Guam Back to Life?

15:00 26.08.2010 • Bogdan Tsirdya , the Political Programs Director of the Priznanie Russian Humanitarian Foundation ( Moldova )



No doubt, 2010 has been a watershed year in Eurasian geopolitics. Favorable economic conditions helped Russia achieve serious political gains, though, in fact, the basis for some of the ongoing geopolitical transformations emerged in 2008 when Georgia lost the Five Day War. Georgia's defeat and the advent of pro-Russian Yanukovich in Kyiv meant the end of the NATO expansion east and the reestablishment of Russian gas transit across Ukraine. As for the anti-Russian GUAM bloc, it suffered a lethal blow. Moscow's positions in the Black Sea region became stronger when Russia and Ukraine signed the contract extending the lease of the Sevastopol naval base till 2042. It is widely held in the expert community that - not only in the nuclear arms sphere - the signing of The New START Treaty with the US restored Russia's superpower status. Russia and the US jointly took a firm moral leadership role worldwide and at the moment define the global development trends.

A regrouping of forces in the settlement in Transdnistria also took place after May, 2010. The joint declaration on the issue signed by the presidents of Russia and Ukraine on May 18 showed clearly that in the future the two countries would be implementing a concerted approach towards Moldova. The document reaffirmed the stabilizing impact of the peacekeeping operation which is underway in the region. As a result, the hope of the Moldovan right and the West to expel Russia from the region and to invite European mediators supporting Moldova's current administration to take Moscow's place evaporated.

The signing of the June, 2010 Russian-German memorandum on the establishment of the Russia-EU committee on foreign policy and security at ministerial level led watchers to conclude that Moscow and Berlin were about to reach consensus on the settlement in Transdnistria. A breakthrough was also made in the sphere of CIS integration projects. The code of the Customs Union of Russia, Belarus, and Kazakhstan was enacted on July 6, 2010 as stated at the EurAsEC summit in Astana. The presidents of Kyrgyzstan and Tajikistan indicated that the two countries would likely join the Customs Union which considers erasing national borders by 2012 or even forming a common currency space in a more distant future.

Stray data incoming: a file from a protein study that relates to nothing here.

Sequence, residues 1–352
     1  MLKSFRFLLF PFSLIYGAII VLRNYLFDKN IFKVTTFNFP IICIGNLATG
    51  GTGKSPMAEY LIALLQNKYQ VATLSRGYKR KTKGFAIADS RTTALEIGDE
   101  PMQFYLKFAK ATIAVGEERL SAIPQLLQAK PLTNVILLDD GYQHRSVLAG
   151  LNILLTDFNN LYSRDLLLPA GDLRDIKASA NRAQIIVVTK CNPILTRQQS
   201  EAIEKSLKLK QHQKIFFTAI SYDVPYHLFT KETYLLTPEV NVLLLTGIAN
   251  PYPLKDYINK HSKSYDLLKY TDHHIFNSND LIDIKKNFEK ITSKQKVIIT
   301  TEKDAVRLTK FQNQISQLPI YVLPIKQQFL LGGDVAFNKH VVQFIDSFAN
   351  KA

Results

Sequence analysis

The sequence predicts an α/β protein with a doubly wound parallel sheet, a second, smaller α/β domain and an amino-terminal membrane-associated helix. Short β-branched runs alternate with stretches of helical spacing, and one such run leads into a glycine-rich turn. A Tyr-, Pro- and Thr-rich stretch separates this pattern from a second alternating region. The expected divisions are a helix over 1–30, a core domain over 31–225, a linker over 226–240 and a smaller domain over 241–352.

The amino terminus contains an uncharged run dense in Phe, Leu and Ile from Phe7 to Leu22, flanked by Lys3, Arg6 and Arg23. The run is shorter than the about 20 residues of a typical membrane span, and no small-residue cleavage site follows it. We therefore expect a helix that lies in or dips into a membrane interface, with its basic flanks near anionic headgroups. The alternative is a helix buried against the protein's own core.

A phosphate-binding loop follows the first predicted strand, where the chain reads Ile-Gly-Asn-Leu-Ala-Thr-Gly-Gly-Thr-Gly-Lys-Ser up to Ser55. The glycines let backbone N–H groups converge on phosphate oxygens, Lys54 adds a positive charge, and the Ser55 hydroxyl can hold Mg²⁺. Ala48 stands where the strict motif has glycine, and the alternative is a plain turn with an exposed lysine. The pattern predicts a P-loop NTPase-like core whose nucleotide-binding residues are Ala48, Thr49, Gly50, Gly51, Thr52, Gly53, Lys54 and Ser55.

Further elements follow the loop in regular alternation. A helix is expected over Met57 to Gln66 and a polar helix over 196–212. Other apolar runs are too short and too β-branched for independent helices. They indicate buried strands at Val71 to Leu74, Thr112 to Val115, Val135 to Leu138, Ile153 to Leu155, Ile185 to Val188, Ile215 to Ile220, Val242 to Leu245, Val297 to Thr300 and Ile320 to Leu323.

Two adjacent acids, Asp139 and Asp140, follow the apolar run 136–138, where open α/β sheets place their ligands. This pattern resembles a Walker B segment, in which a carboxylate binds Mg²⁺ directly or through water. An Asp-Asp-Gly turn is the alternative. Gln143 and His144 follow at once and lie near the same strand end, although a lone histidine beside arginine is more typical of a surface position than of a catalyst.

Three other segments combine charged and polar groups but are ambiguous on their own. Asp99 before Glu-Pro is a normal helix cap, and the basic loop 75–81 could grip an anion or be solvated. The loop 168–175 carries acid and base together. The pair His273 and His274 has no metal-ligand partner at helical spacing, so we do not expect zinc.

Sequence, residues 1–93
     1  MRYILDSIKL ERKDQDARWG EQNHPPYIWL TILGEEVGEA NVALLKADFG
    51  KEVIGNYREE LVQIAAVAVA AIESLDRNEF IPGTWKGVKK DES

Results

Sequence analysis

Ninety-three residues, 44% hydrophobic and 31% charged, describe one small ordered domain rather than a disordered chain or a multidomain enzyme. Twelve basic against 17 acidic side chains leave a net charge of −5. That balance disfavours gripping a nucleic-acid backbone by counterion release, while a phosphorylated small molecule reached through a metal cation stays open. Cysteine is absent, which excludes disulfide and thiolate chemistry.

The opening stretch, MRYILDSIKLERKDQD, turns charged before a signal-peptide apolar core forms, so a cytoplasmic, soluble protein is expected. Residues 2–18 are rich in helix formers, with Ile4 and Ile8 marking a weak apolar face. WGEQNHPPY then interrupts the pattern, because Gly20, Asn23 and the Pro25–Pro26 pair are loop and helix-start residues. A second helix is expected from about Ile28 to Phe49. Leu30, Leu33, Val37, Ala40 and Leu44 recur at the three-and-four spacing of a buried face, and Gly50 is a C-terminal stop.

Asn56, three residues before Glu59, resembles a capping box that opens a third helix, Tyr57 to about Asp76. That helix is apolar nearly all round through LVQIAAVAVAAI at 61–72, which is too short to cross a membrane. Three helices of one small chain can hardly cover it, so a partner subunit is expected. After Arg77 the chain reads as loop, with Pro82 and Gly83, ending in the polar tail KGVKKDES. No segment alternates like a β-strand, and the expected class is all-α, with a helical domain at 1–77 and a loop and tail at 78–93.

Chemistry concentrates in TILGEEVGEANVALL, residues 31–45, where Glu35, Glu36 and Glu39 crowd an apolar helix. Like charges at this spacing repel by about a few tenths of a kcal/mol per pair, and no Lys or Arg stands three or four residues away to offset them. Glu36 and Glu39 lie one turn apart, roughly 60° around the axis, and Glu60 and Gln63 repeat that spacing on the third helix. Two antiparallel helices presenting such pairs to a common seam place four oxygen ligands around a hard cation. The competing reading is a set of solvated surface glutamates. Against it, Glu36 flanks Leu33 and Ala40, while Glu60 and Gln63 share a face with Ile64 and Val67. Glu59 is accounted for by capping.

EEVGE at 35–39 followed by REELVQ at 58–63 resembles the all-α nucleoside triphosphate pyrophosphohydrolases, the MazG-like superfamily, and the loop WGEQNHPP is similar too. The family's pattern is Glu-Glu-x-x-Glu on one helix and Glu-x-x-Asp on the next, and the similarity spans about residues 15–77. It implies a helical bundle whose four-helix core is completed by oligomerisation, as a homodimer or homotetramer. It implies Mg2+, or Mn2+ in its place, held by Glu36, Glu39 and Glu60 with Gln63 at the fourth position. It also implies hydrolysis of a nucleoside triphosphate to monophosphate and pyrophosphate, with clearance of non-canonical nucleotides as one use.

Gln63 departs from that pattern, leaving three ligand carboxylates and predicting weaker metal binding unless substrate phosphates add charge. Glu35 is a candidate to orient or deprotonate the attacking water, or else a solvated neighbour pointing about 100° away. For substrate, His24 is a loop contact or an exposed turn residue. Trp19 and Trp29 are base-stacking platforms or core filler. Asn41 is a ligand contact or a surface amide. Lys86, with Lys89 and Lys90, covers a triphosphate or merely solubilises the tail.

The above geopolitical shifts echoed with deep concern in the West which saw its plans to fragment the CIS and to gain control over Eurasian energy supply routes jeopardized. Meeting with Washington's resistance, the South Stream project was still outpacing the US-patronized Nabucco. Under the circumstances, Washington had to focus on the scenarios of “gentle” containment of Russia. In the context, a key role was given to Moldova, the republic where the April 6-7, 2009 color revolution swept away the administration Moscow could regard as more or less cooperative. The Alliance for European Integration put together in great rush started – gradually but steadily - to steer Moldova away from Russia towards NATO and Romania and to strengthen the dormant GUAM. Romania's president and the region's number one US loyalist Traian Băsescu became the de facto curator of the Alliance.